An introduction to exoplanets
An introduction to exoplanets

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An introduction to exoplanets

6.1  Close-in planets are easiest to find

One thing that really stands out about the transiting planets is how incredibly close most of them are to their parent stars. This isn’t just a fluke of the systems viewed by Kepler – the same is true of other transiting planets. Remember, HD 209458 b orbits its star in just three and a half Earth days.

The following video is an animated montage of the orbits of the 726 Kepler systems with multiple transiting planets. These systems with several planets are some of the most interesting that Kepler has discovered. The orbits of the Solar System planets are shown on the same scale with dashed lines, but the planets themselves aren’t to scale – there is a key showing how the sizes of the planets are represented. The colours represent the surface temperature of the planets based on the temperature and distance of their parent star.

Video 1  Kepler Orrery V (Please note this video has no spoken audio.)
Interactive feature not available in single page view (see it in standard view).

It’s very easy to see that the Kepler exoplanets orbit much closer to their stars than the planets in the Solar System, resulting in extremely compact systems.

What’s going on here? Is our Solar System especially strange? No. There are probably plenty of stars out there with planets orbiting as far out as Jupiter or even Neptune. It’s just much harder to spot them when they transit.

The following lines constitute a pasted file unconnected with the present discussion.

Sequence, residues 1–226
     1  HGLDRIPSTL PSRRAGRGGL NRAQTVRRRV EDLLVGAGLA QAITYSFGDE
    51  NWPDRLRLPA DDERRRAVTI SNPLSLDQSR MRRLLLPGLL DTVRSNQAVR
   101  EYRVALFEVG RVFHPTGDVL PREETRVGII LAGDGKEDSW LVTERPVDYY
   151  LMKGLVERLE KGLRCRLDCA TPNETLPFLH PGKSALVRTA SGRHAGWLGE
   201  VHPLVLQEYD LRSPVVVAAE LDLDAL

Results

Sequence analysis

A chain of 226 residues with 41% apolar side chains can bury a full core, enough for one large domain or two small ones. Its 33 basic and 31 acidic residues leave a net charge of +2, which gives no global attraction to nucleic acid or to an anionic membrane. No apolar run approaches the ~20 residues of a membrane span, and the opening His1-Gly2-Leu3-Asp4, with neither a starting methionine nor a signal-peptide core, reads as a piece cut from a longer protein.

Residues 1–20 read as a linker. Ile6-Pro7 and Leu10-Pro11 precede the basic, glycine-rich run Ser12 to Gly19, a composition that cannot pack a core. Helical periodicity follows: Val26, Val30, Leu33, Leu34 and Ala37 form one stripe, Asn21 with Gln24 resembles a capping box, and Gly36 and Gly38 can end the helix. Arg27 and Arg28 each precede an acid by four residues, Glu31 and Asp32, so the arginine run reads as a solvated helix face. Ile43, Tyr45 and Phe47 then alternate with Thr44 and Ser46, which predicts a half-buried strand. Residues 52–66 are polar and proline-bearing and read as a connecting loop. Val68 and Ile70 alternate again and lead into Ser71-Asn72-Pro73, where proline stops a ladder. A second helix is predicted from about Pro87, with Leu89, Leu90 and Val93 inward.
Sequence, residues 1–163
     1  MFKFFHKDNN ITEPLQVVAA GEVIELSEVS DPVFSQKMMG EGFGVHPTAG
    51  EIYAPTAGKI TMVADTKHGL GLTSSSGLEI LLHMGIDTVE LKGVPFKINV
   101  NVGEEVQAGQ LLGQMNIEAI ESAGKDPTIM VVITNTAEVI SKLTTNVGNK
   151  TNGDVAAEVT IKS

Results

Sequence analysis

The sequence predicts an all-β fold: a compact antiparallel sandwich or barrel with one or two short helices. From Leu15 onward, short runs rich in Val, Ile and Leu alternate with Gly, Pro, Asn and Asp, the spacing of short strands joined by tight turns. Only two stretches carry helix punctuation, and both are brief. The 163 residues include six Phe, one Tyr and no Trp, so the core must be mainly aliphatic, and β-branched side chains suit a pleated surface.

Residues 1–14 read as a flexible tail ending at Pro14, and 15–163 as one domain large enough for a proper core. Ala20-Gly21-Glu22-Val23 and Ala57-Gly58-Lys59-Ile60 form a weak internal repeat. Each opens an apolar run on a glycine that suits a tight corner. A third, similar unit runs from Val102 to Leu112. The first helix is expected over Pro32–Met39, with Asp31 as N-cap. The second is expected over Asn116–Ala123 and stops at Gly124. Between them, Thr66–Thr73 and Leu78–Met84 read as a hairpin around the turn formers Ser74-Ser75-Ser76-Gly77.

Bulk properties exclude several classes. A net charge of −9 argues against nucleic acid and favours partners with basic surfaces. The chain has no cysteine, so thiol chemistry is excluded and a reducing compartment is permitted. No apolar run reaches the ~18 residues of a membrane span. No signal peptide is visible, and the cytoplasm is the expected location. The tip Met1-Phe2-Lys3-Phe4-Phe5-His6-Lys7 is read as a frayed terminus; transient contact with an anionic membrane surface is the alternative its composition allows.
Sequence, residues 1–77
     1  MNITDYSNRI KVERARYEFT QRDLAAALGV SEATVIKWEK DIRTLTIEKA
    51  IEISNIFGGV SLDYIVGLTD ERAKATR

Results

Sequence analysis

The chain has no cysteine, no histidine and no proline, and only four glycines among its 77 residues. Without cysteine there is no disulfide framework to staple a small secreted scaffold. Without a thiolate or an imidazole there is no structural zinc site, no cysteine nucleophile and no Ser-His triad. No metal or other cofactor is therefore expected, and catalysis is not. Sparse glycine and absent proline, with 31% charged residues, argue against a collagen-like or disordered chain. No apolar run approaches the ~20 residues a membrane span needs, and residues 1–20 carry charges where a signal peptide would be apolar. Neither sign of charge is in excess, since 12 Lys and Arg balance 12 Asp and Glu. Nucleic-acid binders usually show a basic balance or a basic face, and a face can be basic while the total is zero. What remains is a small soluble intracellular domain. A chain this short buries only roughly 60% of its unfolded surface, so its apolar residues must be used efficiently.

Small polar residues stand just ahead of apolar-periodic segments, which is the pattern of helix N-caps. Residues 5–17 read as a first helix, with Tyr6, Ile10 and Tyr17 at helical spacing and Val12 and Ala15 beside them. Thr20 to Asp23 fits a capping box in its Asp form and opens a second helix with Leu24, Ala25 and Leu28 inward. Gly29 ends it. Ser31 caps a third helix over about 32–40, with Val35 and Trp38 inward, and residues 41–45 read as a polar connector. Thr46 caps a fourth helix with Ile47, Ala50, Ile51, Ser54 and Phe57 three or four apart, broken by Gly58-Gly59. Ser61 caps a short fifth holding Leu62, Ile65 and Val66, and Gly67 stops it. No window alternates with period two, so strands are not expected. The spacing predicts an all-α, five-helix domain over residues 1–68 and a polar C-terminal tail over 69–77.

Imagine a child playing hide and seek in the garden where there’s a decent-sized tree to hide behind. The child always chooses to stand directly behind the tree, instead of at a distance from the tree where the seeker could easily move a little bit to their left or right and see him or her.

The same thing happens for exoplanets in wide orbits. Unless the planet’s orbit is tilted by exactly the right amount, you will not see it transit, just as the child can’t successfully hide a long way behind the tree. But if the planet is in a tight orbit, like most of those found by Kepler, even if the system isn’t perfectly aligned there’s still a good chance it will transit. Of course, rather than hiding behind the star, the transiting planet is ‘hiding’ in front of the star from our point of view!

Figure 7 shows why close-in planets have a higher probability of transiting than planets which are further away from their star. Here we see that the range of angles from which we can observe the closely orbiting planet b transiting its star is much greater than the ranges of angles from which we observe transits for planet c in a wider orbit.

Described image
Figure 7  Transit probability

So, close-in planets are the most likely ones to transit, but there is also another reason why it’s easier to find close-in planets. Like HD 209458 b, hot Jupiters have incredibly short ‘years’, many taking fewer than five Earth days to orbit their parent stars. Because they complete their orbits quickly, they also transit more often than planets further away from their star. Both of these facts make it particularly easy to find close-in transiting planets. So, it is no surprise that most of the ones that have been found are close-in.


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